This is the second edition of Islands (the 1980 Pocket Books edition) featuring the floating purple turds (bottom of image, attacking ship). The purple is more obvious in the original cover.
What’s that you say? Does the cover have anything to do with the book itself? Hell, no. The sad truth is that this cover is better than the original cover of the book (see below).
This is the original cover of the book, from Pyramid Publications. I have no idea how an aged Pippi Longstocking got into this, or the battleship. The blurb on the back is also a work of art:
WOULD SHE FIND HER ANSWER IN A PAST LOVE … OR IN THE REMAINS OF A LOST WORLD?
Tia had known her fate for many years. When the immortality treatments did not take hold, she ran away — away from her lover Paul and their shattered future … away from Earth …
But she had returned. Now Tia was an aging, graying, slackened woman in a world of sensual youths. She held to her pride and sought solace in adventure instead of love. Until once again she met Paul …
Paul, youthful, unchanged, with his new girlfriend Jenny, had joined Tia on a sea voyage aboard the Ilium. They were journeying to the sunken island, Hawaii, in search of lost civilizations. Perhaps Tia was looking for SOMETHING MORE …
Now if that doesn’t inspire you to shell out $1.25 (the cover price in 1976) I don’t know what will.
Here’s the German cover (Moewig, 1982). It has even less to do with the book than the American covers: in the book there are no satellites being destroyed, no lightning strikes, and certainly no scantily-draped but modestly positioned buff Gods of any description. More’s the pity, eh?
A City in the North
variations on a theme
You’ll detect a horrible similarity to the original Islands covers: same artist, same year, but different publishers, neither of whom bothered to give the artist the name of the writer. So the duplication was (ahem) a mistake.
The one on the left is the 1976 first edition; the one below is the 1979 reissue, both from Warner. The German cover from Moewig, which I haven’t the heart to reproduce, is the exact same cover except blown up even bigger than the reissue. What was their excuse?
This is Pocket Book’s original 1978 cover for Journey. Not too shabby (considering the run of my covers), except that the spaceship, in the original painting, is pasted on. The artist turned in the cover without the ship and the art director told him that this was a sciffi epic and there had damned well better be a spaceship on the cover. *sigh*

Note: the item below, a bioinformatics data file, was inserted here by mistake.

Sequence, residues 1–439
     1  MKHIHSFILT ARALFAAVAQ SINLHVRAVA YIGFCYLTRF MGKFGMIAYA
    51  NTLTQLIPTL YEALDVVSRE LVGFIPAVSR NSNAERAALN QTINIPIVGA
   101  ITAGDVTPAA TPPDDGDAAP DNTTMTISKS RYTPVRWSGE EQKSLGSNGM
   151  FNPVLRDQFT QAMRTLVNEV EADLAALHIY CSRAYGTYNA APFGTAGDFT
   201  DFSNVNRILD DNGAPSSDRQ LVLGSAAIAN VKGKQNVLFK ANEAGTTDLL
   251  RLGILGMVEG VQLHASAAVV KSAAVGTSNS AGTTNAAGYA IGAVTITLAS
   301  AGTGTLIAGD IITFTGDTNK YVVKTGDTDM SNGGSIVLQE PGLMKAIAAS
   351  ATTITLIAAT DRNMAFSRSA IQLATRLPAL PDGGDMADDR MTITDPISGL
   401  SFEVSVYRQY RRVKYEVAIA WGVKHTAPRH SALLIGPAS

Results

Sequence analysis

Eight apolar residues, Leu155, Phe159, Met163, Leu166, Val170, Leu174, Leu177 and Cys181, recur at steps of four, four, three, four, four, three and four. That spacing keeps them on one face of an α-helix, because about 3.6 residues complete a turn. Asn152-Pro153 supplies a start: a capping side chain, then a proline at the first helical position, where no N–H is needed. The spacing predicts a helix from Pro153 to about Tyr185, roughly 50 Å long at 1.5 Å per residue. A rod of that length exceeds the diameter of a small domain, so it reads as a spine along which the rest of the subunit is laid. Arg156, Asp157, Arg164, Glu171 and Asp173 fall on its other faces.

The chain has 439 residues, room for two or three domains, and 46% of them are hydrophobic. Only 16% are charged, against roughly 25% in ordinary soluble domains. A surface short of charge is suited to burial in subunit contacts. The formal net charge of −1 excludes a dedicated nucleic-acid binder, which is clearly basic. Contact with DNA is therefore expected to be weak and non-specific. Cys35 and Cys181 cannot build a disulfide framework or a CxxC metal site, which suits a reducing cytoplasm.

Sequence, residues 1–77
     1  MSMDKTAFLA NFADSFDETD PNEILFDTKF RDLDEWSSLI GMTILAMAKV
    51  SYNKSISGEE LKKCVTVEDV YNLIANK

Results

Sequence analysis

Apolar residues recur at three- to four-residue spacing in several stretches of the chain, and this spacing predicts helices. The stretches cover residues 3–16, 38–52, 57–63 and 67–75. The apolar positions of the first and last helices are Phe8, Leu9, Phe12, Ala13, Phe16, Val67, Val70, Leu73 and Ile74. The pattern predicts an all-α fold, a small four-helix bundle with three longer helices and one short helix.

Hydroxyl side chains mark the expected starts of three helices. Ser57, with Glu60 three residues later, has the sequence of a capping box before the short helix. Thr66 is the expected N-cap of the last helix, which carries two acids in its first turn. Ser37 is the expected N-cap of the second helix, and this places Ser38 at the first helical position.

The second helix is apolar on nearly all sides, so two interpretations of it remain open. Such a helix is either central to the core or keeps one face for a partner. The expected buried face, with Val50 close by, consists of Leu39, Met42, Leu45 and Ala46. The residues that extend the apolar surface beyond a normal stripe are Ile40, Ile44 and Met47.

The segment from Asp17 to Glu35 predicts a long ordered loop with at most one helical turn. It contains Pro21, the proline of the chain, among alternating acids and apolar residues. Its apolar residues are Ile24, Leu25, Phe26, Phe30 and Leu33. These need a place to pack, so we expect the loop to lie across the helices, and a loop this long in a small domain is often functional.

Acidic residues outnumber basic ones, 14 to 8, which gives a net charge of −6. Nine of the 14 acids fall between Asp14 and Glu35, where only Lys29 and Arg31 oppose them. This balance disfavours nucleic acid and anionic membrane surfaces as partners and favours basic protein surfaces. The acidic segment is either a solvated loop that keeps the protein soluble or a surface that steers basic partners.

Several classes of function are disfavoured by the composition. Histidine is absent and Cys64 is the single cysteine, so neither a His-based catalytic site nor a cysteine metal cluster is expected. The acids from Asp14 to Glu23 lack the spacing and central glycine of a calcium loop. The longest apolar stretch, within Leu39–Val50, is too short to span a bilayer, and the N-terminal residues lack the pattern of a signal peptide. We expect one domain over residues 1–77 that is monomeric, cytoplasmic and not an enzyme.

This is the British cover (1979, Hamlyn).
Rumor has it that most European publishers buy cover-art by the running foot and slap it on in any old order. I can’t prove that Hamlyn did this — there are, after all, space ships in this book although I don’t recall any red-rock deserts. But the real proof of the allegation is the German cover, below.
Ain’t it grand? Ain’t it glorious? Ain’t it just lovely? Don’t you wish you had a cover like this on one of your books?
By the time the Japanese publisher, Shueisha, got its hands on the book I was pretty much shell-shocked, so could only make tiny gasping sounds when I first saw this cover.
The Famous Pickled Baby Cover
Where to begin? Where to begin? How about Doris Day with fur on her face, lipstick, and a little pink nose? How about John Travolta in a pony tail and a stunning purple jump suit? If you look carefully at the doorways and windows, you will see a clever Escher influence because none of them actually merge into each other in a sensible way. It’s impossible to see it in this scan, but in the arched window, sort of at 4:00, is an object (I think it’s supposed to be a space ship) that resembles nothing so much as a set of barbells skewered by a dildo.
And, of course, the pickled babies, which they liked so much they wrapped them onto the back, too.